The oral administration of probiotic bacteria has shown potential in clinical trials for the alleviation of specific disorders of the gastrointestinal tract. However, cells must be alive in order to exert these benefits. The low pH of the stomach can greatly reduce the number of viable microorganisms that reach the intestine, thereby reducing the efficacy of the administration. Herein, a model probiotic, Bifidobacterium breve, has been encapsulated into an alginate matrix before coating in multilayers of alternating alginate and chitosan. The intention of this formulation was to improve the survival of B. breve during exposure to low pH and to target the delivery of the cells to the intestine. The material properties were first characterized before in vitro testing. Biacore™ experiments allowed for the polymer interactions to be confirmed; additionally, the stability of these multilayers to buffers simulating the pH of the gastrointestinal tract was demonstrated. Texture analysis was used to monitor changes in the gel strength during preparation, showing a weakening of the matrices during coating as a result of calcium ion sequestration. The build-up of multilayers was confirmed by confocal laser-scanning microscopy, which also showed the increase in the thickness of coat over time. During exposure to in vitro gastric conditions, an increase in viability from <3 log(CFU) per mL, seen in free cells, up to a maximum of 8.84 ± 0.17 log(CFU) per mL was noted in a 3-layer coated matrix. Multilayer-coated alginate matrices also showed a targeting of delivery to the intestine, with a gradual release of their loads over 240 min.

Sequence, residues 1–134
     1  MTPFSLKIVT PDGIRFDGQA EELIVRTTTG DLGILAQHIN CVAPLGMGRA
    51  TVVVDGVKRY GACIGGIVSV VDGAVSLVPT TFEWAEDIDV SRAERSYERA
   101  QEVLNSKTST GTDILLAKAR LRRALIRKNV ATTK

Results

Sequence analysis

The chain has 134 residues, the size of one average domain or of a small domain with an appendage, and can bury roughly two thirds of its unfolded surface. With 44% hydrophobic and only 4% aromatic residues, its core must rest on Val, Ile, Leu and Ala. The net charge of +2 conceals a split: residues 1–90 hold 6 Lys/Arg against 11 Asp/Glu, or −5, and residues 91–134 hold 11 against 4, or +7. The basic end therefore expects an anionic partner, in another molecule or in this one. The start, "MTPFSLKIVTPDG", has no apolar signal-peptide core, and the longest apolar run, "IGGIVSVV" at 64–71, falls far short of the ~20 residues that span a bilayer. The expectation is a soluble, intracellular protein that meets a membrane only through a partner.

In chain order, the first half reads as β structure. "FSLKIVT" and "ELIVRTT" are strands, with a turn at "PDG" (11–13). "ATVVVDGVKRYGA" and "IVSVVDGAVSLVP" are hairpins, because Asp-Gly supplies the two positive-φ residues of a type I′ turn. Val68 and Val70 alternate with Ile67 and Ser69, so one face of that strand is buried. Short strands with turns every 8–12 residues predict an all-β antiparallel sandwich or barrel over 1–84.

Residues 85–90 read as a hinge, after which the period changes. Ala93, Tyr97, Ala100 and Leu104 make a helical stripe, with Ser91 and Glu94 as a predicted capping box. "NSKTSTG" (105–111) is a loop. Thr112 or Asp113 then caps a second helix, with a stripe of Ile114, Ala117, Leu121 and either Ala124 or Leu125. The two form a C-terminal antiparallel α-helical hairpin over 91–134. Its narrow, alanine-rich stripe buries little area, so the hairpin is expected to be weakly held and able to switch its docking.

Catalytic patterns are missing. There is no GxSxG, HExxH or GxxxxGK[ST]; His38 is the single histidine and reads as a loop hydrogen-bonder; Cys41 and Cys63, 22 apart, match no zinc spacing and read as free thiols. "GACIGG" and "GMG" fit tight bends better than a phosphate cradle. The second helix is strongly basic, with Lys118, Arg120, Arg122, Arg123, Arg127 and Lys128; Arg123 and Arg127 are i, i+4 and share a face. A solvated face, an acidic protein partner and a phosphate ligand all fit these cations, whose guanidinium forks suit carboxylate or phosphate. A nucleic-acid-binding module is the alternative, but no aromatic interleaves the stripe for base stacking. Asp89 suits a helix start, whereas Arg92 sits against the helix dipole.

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Journal of Materials Chemistry B
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